Shares of China Evergrande Group plunged 25% as markets opened in Hong Kong on Monday (Sept 18), before clawing back a fair chunk of those losses in later trading.
The plunge followed the arrest on Saturday of several of the embattled developer’s employees in southern China.
Evergrande’s stock price dipped to HK$0.47 in early morning trade, the lowest in two weeks. It pared losses by 10am local time, down 11%, lagging a 0.9% fall in the broader Hang Seng Index. Its shares were down 1.6% at the close of trading.
Meanwhile, shares of China’s biggest private developer Country Garden fell by 1.9% at the close of trading, as it faces another liquidity test – a deadline on Monday to pay $15 million in interest linked to an offshore bond, after dodging default at the last minute twice earlier this month (see below).
For Evergrande, the drop comes two days after police in the southern Chinese city of Shenzhen said in a statement they had arrested several employees of the group’s financial subsidiary, Evergrande Wealth Management.
The authorities did not specify the number of employees or the charges against them. The statement called on the public to report any cases of suspected fraud.
But a notice posted on the WeChat account of the Shenzhen’s government press office said the wealth unit has suspected of “illegal fundraising”, a report by CNN said on Monday.
“According to the current public information, Evergrande Wealth and its related parties illegally collected funds to form an internal fund pool, violated the contract and mismatched product investment directions and deadlines, causing losses to investors,” the report quoted the article as saying, adding that the move aimed to achieve a ‘timely’ criminal case that could help “the recovery of damages and may reduce losses suffered by investors”.
Evergrande is the world’s most-indebted property developer and had an estimated debt of $328 billion at the end of June.
The group has been at the centre of China’s deepening property sector crisis, which has spurred fears of a global spillover.
Trading in the company’s stock was suspended for 17 months until August 28.
Once a star player in an industry key to China’s economic growth, Evergrande’s enormous debt has been seen by Beijing as an unacceptable risk for the country’s financial system.
Authorities have gradually tightened developers’ access to credit since 2020, and a wave of defaults has followed – notably that of Evergrande in late 2021.
On Friday, China’s national financial regulator greenlighted a takeover of Evergrande’s insolvent insurance subsidiary, Evergrande Life Insurance, by new state-owned vehicle Haigang Life Insurance.
While Evergrande’s massive debt level has been known since late 2021, news that Country Garden was losing its ability to repay its huge debts only became widely known in recent months.
Country Garden’s financial woes have worsened the property sector outlook because it has a far greater number of projects across China – over 3,100, compared to Evergrande’s 800 or so, according to a report by Oxford Economics.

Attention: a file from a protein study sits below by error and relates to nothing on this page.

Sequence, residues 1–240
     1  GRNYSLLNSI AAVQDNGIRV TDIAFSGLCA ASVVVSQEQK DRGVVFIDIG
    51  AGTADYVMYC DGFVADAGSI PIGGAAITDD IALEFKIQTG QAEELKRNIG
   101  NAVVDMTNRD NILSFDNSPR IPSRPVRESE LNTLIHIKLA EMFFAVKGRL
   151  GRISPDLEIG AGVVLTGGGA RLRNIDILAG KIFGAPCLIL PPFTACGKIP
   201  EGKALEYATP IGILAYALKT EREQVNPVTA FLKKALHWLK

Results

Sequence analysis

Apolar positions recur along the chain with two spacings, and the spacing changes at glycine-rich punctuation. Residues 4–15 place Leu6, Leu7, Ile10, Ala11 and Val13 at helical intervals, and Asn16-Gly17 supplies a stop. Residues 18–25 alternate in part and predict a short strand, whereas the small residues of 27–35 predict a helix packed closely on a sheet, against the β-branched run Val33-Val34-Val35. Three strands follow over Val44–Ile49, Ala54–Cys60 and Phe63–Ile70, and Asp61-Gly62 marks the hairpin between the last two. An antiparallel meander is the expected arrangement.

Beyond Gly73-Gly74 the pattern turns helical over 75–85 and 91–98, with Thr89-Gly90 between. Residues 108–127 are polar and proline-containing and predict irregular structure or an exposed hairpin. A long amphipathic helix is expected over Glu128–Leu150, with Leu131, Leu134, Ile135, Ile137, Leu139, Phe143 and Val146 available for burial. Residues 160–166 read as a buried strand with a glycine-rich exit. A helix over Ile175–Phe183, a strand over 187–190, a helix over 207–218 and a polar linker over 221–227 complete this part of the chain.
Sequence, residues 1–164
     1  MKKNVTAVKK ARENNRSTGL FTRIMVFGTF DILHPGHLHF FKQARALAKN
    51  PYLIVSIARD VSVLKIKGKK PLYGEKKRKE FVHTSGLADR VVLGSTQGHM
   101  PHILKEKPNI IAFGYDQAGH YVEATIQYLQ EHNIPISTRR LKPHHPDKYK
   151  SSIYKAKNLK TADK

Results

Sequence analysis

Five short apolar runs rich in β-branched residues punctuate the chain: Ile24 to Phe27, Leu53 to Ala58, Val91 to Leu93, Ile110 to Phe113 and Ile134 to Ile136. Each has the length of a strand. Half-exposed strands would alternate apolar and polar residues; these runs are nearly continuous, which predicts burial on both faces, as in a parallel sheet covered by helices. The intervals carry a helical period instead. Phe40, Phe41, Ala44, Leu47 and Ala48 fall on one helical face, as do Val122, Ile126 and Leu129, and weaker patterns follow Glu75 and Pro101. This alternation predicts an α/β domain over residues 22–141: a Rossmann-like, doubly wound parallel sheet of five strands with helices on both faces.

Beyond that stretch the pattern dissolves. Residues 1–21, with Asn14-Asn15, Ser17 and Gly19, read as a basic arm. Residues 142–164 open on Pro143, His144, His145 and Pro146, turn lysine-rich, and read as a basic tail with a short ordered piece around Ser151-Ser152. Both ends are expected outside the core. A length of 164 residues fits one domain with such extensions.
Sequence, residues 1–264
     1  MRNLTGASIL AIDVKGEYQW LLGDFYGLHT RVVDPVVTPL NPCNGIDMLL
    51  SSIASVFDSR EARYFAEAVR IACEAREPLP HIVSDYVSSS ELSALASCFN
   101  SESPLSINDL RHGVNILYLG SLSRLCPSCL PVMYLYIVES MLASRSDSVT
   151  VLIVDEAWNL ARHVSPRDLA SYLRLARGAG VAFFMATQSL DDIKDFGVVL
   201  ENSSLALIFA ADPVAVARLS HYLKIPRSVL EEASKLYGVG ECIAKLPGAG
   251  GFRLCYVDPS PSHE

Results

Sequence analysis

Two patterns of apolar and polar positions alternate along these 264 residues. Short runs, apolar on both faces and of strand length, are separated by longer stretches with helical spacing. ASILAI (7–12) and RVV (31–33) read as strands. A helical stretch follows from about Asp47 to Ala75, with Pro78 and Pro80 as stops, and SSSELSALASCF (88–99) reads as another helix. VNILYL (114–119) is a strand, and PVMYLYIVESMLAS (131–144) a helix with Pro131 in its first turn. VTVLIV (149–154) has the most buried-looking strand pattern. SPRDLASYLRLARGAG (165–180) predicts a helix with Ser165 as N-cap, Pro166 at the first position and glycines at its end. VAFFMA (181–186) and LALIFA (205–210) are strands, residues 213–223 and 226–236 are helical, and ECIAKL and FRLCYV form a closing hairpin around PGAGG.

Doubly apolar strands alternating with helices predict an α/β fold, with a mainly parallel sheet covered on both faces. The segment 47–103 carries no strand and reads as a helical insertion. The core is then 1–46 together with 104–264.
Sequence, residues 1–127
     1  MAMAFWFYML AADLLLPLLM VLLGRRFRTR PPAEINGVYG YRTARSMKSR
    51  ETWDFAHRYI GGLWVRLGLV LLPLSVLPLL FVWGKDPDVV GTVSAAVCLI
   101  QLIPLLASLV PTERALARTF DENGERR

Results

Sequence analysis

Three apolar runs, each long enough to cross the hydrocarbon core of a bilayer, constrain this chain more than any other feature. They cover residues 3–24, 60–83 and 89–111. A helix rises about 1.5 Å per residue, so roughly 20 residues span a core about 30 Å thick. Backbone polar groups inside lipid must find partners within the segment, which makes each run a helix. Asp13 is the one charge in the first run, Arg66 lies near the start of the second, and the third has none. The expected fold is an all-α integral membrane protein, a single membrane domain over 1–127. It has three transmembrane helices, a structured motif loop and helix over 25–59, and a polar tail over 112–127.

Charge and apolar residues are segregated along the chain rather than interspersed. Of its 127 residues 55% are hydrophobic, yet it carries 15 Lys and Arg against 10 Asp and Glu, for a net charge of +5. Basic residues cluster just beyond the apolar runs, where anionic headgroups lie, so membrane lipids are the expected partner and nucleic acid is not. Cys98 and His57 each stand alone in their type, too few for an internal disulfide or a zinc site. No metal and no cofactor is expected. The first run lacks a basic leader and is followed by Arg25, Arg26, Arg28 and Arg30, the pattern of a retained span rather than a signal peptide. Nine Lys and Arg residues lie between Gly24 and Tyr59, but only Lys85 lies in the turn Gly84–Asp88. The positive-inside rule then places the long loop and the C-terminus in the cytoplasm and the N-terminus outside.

Country Garden, which has total liabilities of 1.4 trillion yuan (nearly $192 billion), will have a 30-day grace period to pay the coupon before it would be considered in default.
If Country Garden fails to pay the $15 million before the grace period ends in mid-October, the principal will become due immediately and any failure to service will trigger cross-default terms, Sandra Chow, co-head of Asia-Pacific research at CreditSights, said.
“It’s going to be really hard,” for Country Garden to meet debt obligations due to its tumbling cash levels at a time when property sales in the world’s second-largest economy remained very weak, Chow said.
The government’s deleveraging targeted the massive debts accumulated by groups such as Evergrande and Country Garden but created a debt crisis that spread across the property sector. However, that appears to have ended, with Beijing unveiling a raft of support measures recently.
A Country Garden spokesperson did not respond to a request for comment on Monday about its latest debt repayment obligation.
Country Garden warned last month of default risks if its financial performance continues to deteriorate. It has 108.7 billion yuan ($14.9 billion) of debt due within 12 months but cash of only around 101 billion yuan as of June.
It avoided default by winning approval from its creditors to extend payments for an onshore private bond, in a major relief for the embattled Chinese developer as well as the crisis-hit property sector.
The developer in August missed coupon payments worth $22.5 million tied to two dollar bonds but managed to wire funds before a grace period ended earlier this month, dodging a default.
Last week, onshore bondholders approved to extend repayments of seven other Country Garden bonds by three years.
Country Garden is one of the few large Chinese developers that have not defaulted on debt obligations. Many creditors believe that Country Garden will have to restructure its offshore debt if it doesn’t get liquidity support soon.
Some offshore creditors of Country Garden have started talks with New York-based law firm Kobre & Kim LLP and London-based Ashurst and are looking at forming groups if the property developer seeks to restructure its debt.
NOTE: The headline on this report was amended and the content expanded on Sept 18, 2023 to include details about Country Garden shares and the group’s latest debt deadline, plus details on the Evergrande wealth unit arrests, and closing share prices.
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